First of all, there's the "Turtle" robot. Its functionality is the same as the Logo Turtle: it moves straight or rotates around itself (it can also do a combination of these, something the Logo Turtle can't), and it draws a line on the surface on which it moves (preferably a sheet of paper and not an expensive marble floor!). With some practice, you can have it making line drawings.
It works by having each motor independently connected to its wheel, thus forming a differential drive. The Technic pen, which is another exclusive in Technic, is attached to the centre of the robot: this way, when the robot rotates over itself, the pen stays in the same place.
Since the set (and therefore the robot that you build from it) only comes with two motors and those are taken by the locomotion function, the pen is fixed against the paper and can't lift from it: thus the drawings you make with this robot always consist of continuous lines. This is a limitation the Logo Turtle doesn't need to worry about.
Next, we have the Plotter. Like the Logo Turtle, it uses the Technic pen to make line drawings on a sheet of paper. However, it does that in a different way.
The pen is fixed to a structure that slides along one direction, on a platform that itself slides along a perpendicular direction, over the base where the paper is. This allows you to position the pen on a given X-Y position on the paper, and draw horizontal, vertical and (with a little skill) diagonal lines. With this model, you can learn how real-world plotters work. They operate the very same way, with only two differences: they have sensors to accurately move the pen to the desired position (which the Control Centre can't do because, well, it can't use sensors), and can lift the pen from the paper to draw non-continuous lines (the Control Centre, already using the two motors for X-Y movement, doesn't have any to spare for that; you'll have to raise the pen yourself). (actually, some have a third difference: multiple pen selection to draw in different colours)
An interesting detail the Plotter has is a pair of tiny rubber-band-based retainers, to hold the paper against the base and prevent it from being dragged by the pen.
Next is the Mobile Crane. Sure, you certainly have already seen a gazillion Technic mobile cranes, but how many of them are programmable, and using two motors to implement three functions?
You can push the Mobile Crane around (in a straight line only; it has no steering) while making "vroom vroom" noises and deploy and retract its outriggers, but the real attraction is the rest of the functions it performs under the command of the Control Centre. There is a motor for superstructure slewing, and another for raising/lowering both the arm boom and jib.
The way rotation is achieved is relatively straightforward, with one of the motors connected to the superstructure's turntable via some gears and a pulley. The most interesting mechanism is a little above, with a pendulum to split (technically called "multiplex") the other motor's movement between two different functions. When the motor switches direction, first the pendulum swings to engage the other function, then, unable to move further, the function itself starts. In the video, pay attention to the small black square at the top of the superstructure, towards the rear: it is the tip of the pendulum, swinging as each function engages.
Of course, one can't make omelettes without breaking eggs: and, in this case, the eggs are the limitation of each function being able to work in only one direction. One direction of the motor handles the boom, the other the jib. That's why both sections of the crane have a mechanism that transforms the (single-direction) rotation from the motor into a back-and-forth motion.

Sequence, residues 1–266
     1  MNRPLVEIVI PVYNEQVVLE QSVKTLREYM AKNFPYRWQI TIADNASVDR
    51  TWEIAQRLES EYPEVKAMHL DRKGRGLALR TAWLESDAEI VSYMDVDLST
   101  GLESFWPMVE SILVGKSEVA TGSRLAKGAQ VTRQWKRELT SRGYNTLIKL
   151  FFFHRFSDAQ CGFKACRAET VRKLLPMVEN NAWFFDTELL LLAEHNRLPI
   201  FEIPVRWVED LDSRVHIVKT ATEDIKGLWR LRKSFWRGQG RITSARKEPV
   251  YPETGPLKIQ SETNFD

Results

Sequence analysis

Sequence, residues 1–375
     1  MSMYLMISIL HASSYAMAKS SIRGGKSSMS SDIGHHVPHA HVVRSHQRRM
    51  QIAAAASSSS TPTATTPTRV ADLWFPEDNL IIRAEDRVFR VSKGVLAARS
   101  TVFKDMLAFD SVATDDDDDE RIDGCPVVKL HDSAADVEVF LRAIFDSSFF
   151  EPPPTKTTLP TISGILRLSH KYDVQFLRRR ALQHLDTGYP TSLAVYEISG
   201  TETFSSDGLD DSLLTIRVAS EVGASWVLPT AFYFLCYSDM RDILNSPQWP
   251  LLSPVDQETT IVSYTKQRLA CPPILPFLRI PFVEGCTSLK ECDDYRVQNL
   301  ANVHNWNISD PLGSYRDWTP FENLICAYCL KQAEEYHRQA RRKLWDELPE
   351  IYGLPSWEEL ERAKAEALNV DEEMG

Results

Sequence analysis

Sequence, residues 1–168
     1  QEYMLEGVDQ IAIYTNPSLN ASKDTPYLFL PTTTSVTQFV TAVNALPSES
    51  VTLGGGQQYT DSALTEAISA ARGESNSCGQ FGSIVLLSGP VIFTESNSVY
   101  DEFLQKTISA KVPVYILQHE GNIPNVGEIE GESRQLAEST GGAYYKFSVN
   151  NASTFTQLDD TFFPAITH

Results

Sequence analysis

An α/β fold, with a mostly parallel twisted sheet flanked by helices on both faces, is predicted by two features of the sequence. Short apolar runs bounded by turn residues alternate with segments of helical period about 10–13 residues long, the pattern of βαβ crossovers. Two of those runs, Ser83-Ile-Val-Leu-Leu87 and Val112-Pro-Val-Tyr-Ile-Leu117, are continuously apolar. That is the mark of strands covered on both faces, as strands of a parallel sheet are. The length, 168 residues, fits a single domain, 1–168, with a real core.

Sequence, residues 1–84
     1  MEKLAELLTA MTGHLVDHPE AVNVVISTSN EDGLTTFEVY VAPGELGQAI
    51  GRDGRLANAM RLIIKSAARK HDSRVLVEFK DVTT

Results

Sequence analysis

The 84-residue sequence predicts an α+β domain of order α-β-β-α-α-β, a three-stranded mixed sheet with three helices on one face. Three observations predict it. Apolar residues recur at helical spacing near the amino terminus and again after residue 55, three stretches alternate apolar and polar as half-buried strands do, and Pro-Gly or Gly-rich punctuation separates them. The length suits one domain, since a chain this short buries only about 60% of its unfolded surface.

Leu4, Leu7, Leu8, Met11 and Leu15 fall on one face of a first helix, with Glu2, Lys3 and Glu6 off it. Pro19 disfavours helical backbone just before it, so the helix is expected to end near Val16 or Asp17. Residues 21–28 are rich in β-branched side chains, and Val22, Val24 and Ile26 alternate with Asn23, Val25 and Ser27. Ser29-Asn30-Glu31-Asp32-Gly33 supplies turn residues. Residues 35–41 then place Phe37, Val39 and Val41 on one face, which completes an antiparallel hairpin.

Finally, we have the Robotic Arm. Like the Mobile Crane before, it manages three functions with only two motors: rotating around the base, raising/lowering the arm, and opening/closing the claw. It can pick up coloured bricks from a chute and sort them into different containers. Since, unlike previous Educational Division-exclusive sets and the yet-to-come MINDSTORMS line, the Control Centre can't use sensors to see what colour is each brick it grabs, it relies on the pre-defined sequence the bricks are placed in the chute to be picked up. Still, the Robot's action is always fascinating to see.
It uses a different solution to the problem of function multiplexing than the Mobile Crane, relying on the path of least resistance mechanical contraptions (and not only mechanical) tend to follow. The Robot's functions are linked in a way that the claw closes and the arm rises with the same movement of the motor. With the arm resting down, it is easier for the motor to close the claw than to raise the arm, and that's what it does. Then, when the claw can't close any further (either because it is really fully closed or because a brick was grabbed), the motor has no other solution than to raise the arm. When the arm is up, it is easier to lower it (since gravity is helping) than to open the claw. Only when the arm is fully down, then the claw opens.
While this may sound limitative, that's usually what we want: lower the arm, open the claw, grab something with the claw, raise the arm, reposition the arm (in this case by rotating it), lower the arm, let go of what was grabbed.
I think this set deserves a high place on every Technic collector's list: its models are still unique to this day, it marked the beginning of a big evolution of the LEGO toy (both the 9V system and bringing the first tastes of robotics to the masses), and now it is officially considered a "Vintage" set.
Looking back at the developments consumer electronics and LEGO Technic enjoyed in the last 20 years, especially the inception of the Power Functions system, I fully agree with Fernando when he said, regarding the 8485 Control Centre II, that a new, PF-enabled version would have great potential and wouldn't be very difficult to make. More advanced than "dumb" remote-controlled models, yet easier and quicker to play with than MINDSTORMS, it would certainly nourish the imagination of both kid and adult FOLT (Fans Of LEGO Technic ), and, who knows, perhaps be what gets future roboticists interested in the subject for the first time! Let's see what we can write about the subject 20 years from now.